Learning style can be defined as different and unique ways used by individuals as they prepare to learn and recall information [1]. The important of knowing of postgraduate learning style in family medicine residency program is can help to deliver the information in effective ways. There are many different learning style methods that the post graduate find as the most effective ways of learning. Learning from health centers clinics, academic day lectures or even the rotation in headmasters' and headmistresses' conference (HMC). The main end results from knowing the preferred methods of learning methods is to get better care for patients who attending different health centers in Qatar. Learning styles are different and a lot of studies have been done to evaluate and assess the best style for educating the residents, for example there were two randomized controlled trial (RCT) done to compare between instructional and cognitive style in web base learning and the results showed: cognitive and learning styles had no apparent influence on learning outcomes. There were no differences in outcome between these instructional methods [2]. Furthermore there was strong evidence to support the importance of combining the techniques of teaching as much attention has been given to learning and teaching "styles" in adult education and in medical education. Since style refers to assumptions and beliefs about how adults learn, it affects what teachers do to facilitate learning. A synthesis of two models views the educational process as a cycle: "experience," followed by "reflection," "abstraction," and "experimentation." Four styles of learning or teaching are possible by combining experience with observation, observation with abstraction, abstraction with experimentation, and experimentation with experience. Students and residents could use this information to negotiate with faculty to best meet their educational needs, and faculty could use this information to tailor their teaching strategies to best suit each encounter [3].

 

A cross sectional study of internal medicine residents and faculty members at Morehouse School of Medicine was performed using the Kolb Learning Style Inventory (LSI) version 3.1 to reach the preferred learning style among residents and faculty members of an internal medicine residency program and the conclusion was the understanding of residents' learning styles may facilitate instructional rapport between residents and attending physicians, thereby improving residents' academic performance [4]. A retrospective descriptive analysis of academic learning logs submitted by residents as part of their academic training requirements done in London, onto, and showed that residents used a variety of learning modalities and chose self- study over other more traditional modalities (eg, lectures) for most of their academic learning. A successful academic program must take into account residents' various learning preferences and habits while providing guidance and training in the use of more effective learning methods and resources to maximize educational outcomes [5]. Very important is that family medicine program in Qatar understand the preferred methods of the learning styles among the resident in turn that facilitate instructional rapport between postgraduates and the physicians faculties which lead to improve the academic performances.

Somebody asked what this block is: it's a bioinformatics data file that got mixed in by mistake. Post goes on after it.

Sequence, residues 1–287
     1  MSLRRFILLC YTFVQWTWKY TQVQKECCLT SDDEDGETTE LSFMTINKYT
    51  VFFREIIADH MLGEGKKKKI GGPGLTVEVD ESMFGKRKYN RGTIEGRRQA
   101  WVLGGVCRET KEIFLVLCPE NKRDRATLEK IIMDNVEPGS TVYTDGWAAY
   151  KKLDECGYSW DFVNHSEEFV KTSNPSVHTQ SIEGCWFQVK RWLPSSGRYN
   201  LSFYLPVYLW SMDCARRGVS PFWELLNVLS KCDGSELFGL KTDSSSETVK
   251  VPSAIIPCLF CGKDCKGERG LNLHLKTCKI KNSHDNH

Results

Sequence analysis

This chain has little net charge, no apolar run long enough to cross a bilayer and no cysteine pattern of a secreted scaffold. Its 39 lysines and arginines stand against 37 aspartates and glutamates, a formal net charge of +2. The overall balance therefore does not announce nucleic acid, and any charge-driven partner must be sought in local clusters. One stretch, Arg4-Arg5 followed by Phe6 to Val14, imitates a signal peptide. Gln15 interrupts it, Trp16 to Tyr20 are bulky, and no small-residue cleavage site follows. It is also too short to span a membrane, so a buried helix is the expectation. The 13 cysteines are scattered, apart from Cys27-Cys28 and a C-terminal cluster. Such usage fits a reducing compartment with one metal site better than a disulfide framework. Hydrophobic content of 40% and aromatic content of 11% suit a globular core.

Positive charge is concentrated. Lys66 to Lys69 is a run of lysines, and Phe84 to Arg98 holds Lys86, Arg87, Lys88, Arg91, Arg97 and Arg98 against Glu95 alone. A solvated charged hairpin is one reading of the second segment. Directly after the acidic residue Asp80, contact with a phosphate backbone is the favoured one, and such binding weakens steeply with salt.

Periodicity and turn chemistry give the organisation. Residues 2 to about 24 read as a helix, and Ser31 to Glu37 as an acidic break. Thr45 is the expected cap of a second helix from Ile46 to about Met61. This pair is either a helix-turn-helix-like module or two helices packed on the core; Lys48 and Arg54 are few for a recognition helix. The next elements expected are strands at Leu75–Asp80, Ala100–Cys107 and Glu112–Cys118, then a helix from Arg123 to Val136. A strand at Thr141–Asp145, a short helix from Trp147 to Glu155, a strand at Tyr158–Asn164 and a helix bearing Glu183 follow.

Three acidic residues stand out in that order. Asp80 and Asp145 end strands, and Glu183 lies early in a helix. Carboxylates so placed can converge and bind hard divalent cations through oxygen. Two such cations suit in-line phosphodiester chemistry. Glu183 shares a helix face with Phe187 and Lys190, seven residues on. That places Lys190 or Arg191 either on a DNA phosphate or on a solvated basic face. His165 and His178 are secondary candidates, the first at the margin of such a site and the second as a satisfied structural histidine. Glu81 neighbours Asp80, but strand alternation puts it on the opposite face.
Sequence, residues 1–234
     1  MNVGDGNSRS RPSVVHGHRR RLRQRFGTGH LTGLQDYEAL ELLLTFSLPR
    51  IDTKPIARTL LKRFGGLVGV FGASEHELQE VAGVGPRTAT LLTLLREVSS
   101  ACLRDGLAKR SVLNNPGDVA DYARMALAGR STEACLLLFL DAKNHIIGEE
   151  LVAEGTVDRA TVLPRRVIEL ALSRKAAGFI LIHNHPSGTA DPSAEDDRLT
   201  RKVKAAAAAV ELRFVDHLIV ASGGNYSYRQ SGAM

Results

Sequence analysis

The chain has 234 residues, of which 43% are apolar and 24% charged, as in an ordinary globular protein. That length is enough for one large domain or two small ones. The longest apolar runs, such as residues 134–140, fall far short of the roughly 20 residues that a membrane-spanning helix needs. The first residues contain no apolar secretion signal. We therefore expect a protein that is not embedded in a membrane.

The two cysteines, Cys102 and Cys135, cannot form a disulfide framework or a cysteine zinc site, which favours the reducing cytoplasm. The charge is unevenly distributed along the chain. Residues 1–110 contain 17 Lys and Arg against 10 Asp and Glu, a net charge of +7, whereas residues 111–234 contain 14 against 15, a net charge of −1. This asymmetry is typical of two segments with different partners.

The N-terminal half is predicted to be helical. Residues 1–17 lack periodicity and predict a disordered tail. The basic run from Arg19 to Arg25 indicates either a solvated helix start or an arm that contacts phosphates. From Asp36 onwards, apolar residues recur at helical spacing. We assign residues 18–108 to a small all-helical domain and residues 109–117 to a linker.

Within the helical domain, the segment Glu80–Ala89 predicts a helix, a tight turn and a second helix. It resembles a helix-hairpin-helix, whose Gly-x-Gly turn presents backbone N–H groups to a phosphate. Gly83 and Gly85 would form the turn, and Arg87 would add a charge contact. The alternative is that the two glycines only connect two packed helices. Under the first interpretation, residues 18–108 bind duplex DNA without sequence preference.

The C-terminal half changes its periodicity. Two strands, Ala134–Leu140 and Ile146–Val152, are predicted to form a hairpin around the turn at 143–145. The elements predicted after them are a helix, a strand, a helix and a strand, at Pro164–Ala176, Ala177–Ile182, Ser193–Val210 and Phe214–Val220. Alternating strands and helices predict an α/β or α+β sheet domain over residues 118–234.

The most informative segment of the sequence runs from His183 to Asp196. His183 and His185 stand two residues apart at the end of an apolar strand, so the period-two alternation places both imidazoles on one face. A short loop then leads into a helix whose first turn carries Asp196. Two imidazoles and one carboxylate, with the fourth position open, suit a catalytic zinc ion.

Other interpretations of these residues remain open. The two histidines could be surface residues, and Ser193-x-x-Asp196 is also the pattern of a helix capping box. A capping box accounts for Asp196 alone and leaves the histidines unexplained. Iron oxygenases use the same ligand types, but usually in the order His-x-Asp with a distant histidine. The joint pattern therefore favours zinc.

Methods Up    Down

Study design: descriptive cross sectional study.

 

Study setting: this study was conducted in West Bay Training Health Center affiliated to Primary Health Care Corporation in Qatar where the Family Medicine Residency Program runs its activity in the form of academic days and continuity care clinic which is run by residents of family medicine and supervised by faculties from the family medicine department.

 

Study subjects: it included all family medicine residents who accepted participation reaching 38 residents from 50 residents representing 78% response rate conducted during 2018.

 

Data collection methods: self-administered questionnaire including basic demographic data and the learning style questionnaire, it is 80 item questions. This questionnaire is designed to find out the preferred learning style(s). Over the years different learning 'habits' that help benefit more from some experiences than from others. Since, this questionnaire will help pinpoint the learning preferences. There is no time limit to this questionnaire. It will probably take 10-15 minutes. The accuracy of the results depends on honesty. There are no right or wrong answers. If the residents agree more than disagree with a statement they should put a tick. This questionnaire include the scoring to be (activist-reflector-theorist-and pragmatist) and style preference (very strong-strong-moderate-low and very low). Activist learns well in new environments with activities and variety. Reflector learns well when opportunity to reflection and thinking is provided to them. Pragmatists learn well when they can apply their knowledge in practical life. Theorist learns well when they are able to generate and create ideas [6].

 

Data analysis: data were entered into a personal computer and were analyzed using STATA. Tests of significance, (i.e. Fischer exact test) were applied. P-values less than 0.05 were considered as statistically significant.